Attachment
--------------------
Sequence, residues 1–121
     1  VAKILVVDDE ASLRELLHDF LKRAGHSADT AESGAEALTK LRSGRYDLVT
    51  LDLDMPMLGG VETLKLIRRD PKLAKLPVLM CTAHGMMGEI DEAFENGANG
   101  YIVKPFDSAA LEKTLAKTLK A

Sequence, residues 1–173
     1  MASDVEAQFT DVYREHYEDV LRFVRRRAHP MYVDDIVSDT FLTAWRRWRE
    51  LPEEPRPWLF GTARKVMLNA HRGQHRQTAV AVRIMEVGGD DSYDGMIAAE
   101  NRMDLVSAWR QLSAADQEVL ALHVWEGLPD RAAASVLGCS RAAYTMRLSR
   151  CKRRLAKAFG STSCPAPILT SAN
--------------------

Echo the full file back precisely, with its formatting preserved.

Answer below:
Sequence, residues 1–121
     1  VAKILVVDDE ASLRELLHDF LKRAGHSADT AESGAEALTK LRSGRYDLVT
    51  LDLDMPMLGG VETLKLIRRD PKLAKLPVLM CTAHGMMGEI DEAFENGANG
   101  YIVKPFDSAA LEKTLAKTLK A

Sequence, residues 1–173
     1  MASDVEAQFT DVYREHYEDV LRFVRRRAHP MYVDDIVSDT FLTAWRRWRE
    51  LPEEPRPWLF GTARKVMLNA HRGQHRQTAV AVRIMEVGGD DSYDGMIAAE
   101  NRMDLVSAWR QLSAADQEVL ALHVWEGLPD RAAASVLGCS RAAYTMRLSR
   151  CKRRLAKAFG STSCPAPILT SAN